The first visit to the Downing Center for Animal Pain Management — which operates alongside Downing’s standard practice — can run from $700 to $1,000, Downing said.
The pain management center provides non-surgical therapies and pain control, ranging from acupuncture to wheelchair fittings. That first visit usually details the rehabilitation plans for the animal, and follow up visits — which run about $50 — typically are minimal.
Downing and others who tackle quality of life issues for companion animals as well as livestock have opened up whole new areas of study and research, said Khursheed Mama, faculty member of the clinical sciences department at CSU’s Veterinary Teaching Hospital.
“There are so many more opportunities now regarding pain management,” Mama said. “We now look at the whole picture from diet, physical therapy and assessing the anxiety component.”
Even some food producers are doing more to relieve the stress and anxiety on livestock, Mama said. “In food production, we are seeing that happy cows make better cheese.”
Downing, who grew up in a Chicago suburb and dreamed of being a veterinarian, says her low-key methods were developed while working farms and ranches during her first years of practice.
She started practicing in Worland, Wyoming, in 1986 after getting her degree from the University of Illinois College of Veterinary Medicine. She was not only the first female veterinarian in those parts of Wyoming but also the first to care for companion animals.
“They really were treated as second-class citizens, and I just saw a way to fill a much-needed gap in care,” Downing said.
She learned to fit into the local culture, even becoming a first-class old-time fiddle player. She also went to people’s homes to tend to their sick and injured pets. There, cattle and other livestock got priority care.
“Livestock got all the attention because they were responsible for the livelihoods of farmers and ranchers,” Downing said. “Companion animals, like dogs and cats, were really an afterthought. They almost had to fend for themselves.”
But she wanted her own solo practice and in 1991, she and her wife, Sharon DeNayer, jumped at the chance to purchase the Windsor clinic. DeNayer now is the practice manager.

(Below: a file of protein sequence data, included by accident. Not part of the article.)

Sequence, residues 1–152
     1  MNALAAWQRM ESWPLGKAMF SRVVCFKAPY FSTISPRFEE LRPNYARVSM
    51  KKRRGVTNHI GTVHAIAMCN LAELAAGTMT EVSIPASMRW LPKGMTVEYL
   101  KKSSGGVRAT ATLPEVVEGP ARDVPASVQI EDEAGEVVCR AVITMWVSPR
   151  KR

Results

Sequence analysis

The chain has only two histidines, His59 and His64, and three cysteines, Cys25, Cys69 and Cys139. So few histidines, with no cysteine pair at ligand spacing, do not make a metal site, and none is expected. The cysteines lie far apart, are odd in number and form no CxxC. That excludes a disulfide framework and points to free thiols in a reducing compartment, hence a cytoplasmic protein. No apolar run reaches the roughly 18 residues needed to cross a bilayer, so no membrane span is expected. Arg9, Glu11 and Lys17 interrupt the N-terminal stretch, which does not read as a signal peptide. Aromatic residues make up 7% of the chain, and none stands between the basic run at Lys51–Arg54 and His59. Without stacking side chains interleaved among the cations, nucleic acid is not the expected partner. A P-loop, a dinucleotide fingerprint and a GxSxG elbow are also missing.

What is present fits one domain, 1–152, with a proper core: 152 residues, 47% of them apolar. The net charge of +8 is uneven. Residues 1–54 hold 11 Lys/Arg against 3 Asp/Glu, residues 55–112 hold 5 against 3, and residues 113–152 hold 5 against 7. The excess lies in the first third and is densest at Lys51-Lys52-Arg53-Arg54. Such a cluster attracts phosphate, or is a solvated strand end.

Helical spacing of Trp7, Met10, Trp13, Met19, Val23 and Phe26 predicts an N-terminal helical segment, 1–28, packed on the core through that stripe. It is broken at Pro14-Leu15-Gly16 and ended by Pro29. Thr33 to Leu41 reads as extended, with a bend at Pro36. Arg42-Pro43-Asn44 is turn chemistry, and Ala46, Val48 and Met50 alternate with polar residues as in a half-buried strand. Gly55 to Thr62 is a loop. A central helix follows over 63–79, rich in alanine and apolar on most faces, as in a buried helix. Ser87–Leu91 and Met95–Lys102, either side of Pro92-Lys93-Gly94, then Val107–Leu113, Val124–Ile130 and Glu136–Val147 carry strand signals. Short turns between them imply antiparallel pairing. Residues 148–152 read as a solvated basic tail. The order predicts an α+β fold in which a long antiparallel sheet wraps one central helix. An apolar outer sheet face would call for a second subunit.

The clinic expanded in 1996 and Downing began attracting a following because of her leadership in the “fear-free” animal care movement. She began speaking nationally and writing about bioethics among animals, according to her biography.
She earned multiple advanced degrees in areas that not long ago didn’t exist — clinical bioethics, animal chiropractic care, canine medical massage and medical acupuncture. She also serves as an affiliate faculty member at CSU’s College of Veterinary Medicine.”
Downing said she is guided by a pain scale when treating companion animals. While humans are asked by their doctors to assign a number from 1 to 10 to their pain levels, hurting dogs often have their tails tucked between their legs, have an arched or hunched back, tucked abdomen and are unusually aggressive, according to the scale.
Cats in pain often claw and attack and are not interested in food or play, the scale says.
She shares the scale with veterinary students and pet owners so they can also assess where their animals stand in the pain spectrum. “This is a key tool toward managing pain and deciding what treatment to follow,” Downing said. “It’s an important guide to making their lives better.”
Downing shares her practice with a group of longtime volunteers and client “specialists.” Also on board is Kula, a golden retriever who serves as a companion animal in the clinic. Kula calms nerves and is a “teaching partner” for veterinary students, Downing said.
Muffin, a 24-year-old dark grey cat, pads around the practice despite her many health problems and her advanced age. She lives in a condominium of crates near the practice’s underwater treadmill and the “comfort room.”
It’s in the comfort room that pet owners can quietly consider weighty questions including whether they should end their pet’s life. “It’s just a place to think and contemplate,” Downing said.
She has about 2,000 clients, including Walter Cooper, who breeds Rhodesian ridgebacks in Longmont. Cooper said he became loyal to Downing after one of his dogs hurt his leg and other vets immediately lobbied for surgery.
Downing wanted instead to emphasize acupuncture and underwater treadmill therapy, Cooper said.
“We got her back at 98 or 99% of where she was before, she is definitely not in any pain,” Cooper said.
Downing considers every aspect of a dog’s lifestyle before deciding on a treatment, Cooper said, adding that she’s unlike most vets he has encountered.
“She is constantly studying, constantly reading, always trying to improve herself,” he said. “She has my complete trust.”